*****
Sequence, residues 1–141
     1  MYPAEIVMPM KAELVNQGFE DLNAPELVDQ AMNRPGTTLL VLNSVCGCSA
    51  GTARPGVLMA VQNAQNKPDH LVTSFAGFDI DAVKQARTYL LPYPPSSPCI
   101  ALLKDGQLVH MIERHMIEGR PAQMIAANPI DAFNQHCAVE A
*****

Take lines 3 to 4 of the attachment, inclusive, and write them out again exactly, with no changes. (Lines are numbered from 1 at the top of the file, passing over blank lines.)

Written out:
    51  GTARPGVLMA VQNAQNKPDH LVTSFAGFDI DAVKQARTYL LPYPPSSPCI
   101  ALLKDGQLVH MIERHMIEGR PAQMIAANPI DAFNQHCAVE A